Chrysler Group LLC, the American automaker owned by Italy's Fiat SpA (BIT:F), said on Tuesday that it won't honor the National Highway Transportation Safety Administration's request that it recall as many as 2.7 million Jeep models due to issues with the vehicles' fuel systems.
The NHTSA informed Chrysler that 1993-2004 Grand Cherokee vehicles and 2002-07 Jeep Liberty SUVs have defective fuel systems and serious safety risks in rear-impact collisions.
However, Chrysler says it has worked closely with the agency and shared its data with NHTSA since September 2010.
"The company does not agree with NHTSA's conclusions and does not intend to recall the vehicles cited in the investigation," Chrysler said in the statement. "The subject vehicles are safe and are not defective."
Chrysler is arguing that its analysis into alleged vehicle fires, is more complete than the NHTSA's analysis. "Our analysis shows the incidents, which are the focus of this request, occur less than once for every million years of vehicle operation."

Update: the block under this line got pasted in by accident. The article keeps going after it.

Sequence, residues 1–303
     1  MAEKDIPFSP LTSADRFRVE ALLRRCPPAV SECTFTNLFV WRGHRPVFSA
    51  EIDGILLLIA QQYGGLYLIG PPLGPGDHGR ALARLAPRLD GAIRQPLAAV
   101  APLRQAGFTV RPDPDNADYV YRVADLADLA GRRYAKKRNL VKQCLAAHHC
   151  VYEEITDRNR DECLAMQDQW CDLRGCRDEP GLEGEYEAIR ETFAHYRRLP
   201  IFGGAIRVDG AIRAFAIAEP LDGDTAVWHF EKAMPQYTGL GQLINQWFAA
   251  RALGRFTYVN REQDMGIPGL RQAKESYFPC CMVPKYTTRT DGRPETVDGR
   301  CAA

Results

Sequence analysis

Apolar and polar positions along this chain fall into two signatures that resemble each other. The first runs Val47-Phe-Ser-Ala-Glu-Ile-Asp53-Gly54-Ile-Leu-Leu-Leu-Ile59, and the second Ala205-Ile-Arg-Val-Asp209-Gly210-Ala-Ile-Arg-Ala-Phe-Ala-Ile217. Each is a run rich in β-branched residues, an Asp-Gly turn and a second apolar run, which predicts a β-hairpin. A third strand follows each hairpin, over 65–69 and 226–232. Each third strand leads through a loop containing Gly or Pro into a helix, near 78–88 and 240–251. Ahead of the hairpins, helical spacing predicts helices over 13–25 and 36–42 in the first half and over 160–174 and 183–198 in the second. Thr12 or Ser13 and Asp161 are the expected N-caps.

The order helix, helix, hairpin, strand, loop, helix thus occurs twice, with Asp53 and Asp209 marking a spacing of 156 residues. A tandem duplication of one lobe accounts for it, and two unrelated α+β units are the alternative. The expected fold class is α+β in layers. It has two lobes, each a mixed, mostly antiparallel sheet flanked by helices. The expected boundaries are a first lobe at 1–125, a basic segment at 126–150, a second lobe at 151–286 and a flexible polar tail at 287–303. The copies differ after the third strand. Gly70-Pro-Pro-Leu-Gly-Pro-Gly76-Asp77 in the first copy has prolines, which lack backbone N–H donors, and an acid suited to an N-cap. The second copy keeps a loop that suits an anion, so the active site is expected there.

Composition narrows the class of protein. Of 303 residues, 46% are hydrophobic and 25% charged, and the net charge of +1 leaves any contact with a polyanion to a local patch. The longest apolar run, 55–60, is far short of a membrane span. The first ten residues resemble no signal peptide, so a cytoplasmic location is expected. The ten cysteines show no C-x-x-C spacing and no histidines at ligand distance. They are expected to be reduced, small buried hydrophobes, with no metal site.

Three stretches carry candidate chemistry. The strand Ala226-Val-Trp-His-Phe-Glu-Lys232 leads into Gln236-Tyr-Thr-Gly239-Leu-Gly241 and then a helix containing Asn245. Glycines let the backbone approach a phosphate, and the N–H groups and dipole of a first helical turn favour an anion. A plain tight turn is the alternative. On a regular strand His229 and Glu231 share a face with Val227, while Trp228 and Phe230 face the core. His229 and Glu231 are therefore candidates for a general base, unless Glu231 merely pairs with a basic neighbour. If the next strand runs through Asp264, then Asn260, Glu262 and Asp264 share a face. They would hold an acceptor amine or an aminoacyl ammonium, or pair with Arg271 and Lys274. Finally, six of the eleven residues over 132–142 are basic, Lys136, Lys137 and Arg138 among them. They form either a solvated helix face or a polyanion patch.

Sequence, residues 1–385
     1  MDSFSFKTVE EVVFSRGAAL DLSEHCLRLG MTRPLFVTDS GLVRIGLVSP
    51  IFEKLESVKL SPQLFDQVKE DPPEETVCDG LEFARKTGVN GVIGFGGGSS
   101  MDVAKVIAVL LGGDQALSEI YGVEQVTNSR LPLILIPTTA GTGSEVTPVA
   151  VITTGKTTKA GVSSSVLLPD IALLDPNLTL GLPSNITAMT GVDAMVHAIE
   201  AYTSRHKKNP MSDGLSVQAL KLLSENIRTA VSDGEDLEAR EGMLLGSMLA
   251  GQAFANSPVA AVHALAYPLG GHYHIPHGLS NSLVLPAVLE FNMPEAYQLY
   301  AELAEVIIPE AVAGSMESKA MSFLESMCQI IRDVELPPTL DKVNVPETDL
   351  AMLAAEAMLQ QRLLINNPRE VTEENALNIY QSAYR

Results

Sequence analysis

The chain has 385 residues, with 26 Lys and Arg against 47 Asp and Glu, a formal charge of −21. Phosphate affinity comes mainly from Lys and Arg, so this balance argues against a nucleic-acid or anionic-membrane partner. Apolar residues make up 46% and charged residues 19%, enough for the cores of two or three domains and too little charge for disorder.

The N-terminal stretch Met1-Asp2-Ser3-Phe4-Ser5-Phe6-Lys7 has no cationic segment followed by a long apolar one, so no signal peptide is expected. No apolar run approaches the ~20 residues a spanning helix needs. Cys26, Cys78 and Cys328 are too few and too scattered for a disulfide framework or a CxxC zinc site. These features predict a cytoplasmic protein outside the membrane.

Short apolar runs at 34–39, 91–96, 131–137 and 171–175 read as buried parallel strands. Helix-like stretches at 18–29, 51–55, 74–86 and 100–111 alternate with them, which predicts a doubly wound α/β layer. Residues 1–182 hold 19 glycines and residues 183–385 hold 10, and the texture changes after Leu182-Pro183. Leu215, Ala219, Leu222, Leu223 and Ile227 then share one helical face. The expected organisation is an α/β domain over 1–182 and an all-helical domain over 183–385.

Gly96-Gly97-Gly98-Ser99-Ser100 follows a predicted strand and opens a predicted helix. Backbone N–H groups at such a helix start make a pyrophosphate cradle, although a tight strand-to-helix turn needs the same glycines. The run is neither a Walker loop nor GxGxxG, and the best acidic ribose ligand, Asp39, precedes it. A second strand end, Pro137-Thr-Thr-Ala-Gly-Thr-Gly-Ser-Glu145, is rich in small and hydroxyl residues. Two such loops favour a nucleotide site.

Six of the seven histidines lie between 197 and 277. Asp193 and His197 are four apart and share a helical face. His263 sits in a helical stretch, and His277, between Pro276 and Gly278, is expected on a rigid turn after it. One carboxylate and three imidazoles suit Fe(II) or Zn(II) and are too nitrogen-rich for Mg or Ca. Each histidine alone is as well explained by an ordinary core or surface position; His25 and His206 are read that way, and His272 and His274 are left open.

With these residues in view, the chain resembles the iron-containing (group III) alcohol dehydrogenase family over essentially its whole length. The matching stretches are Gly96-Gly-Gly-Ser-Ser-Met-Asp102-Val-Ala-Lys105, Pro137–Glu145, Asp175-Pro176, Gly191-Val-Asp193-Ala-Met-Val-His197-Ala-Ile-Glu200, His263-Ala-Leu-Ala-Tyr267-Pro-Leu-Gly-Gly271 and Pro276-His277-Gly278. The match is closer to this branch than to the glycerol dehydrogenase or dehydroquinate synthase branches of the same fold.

Some industry analysts find Chrysler's rejection to be a bold position to take. "Since Toyota was publicly humiliated for dragging its feet on recalls just a few years ago, automakers have been quick to recall vehicles at NHTSA's request," Edmunds.com senior analyst Michelle Krebs said. "Unfortunately, consumers with problematic Jeeps are in limbo."
Malik Singleton covers manufacturing and other economic news. His previous roles were with City Limits, TIME.com, Black Enterprise and PCMag.com. He is an adjunct at CUNY's...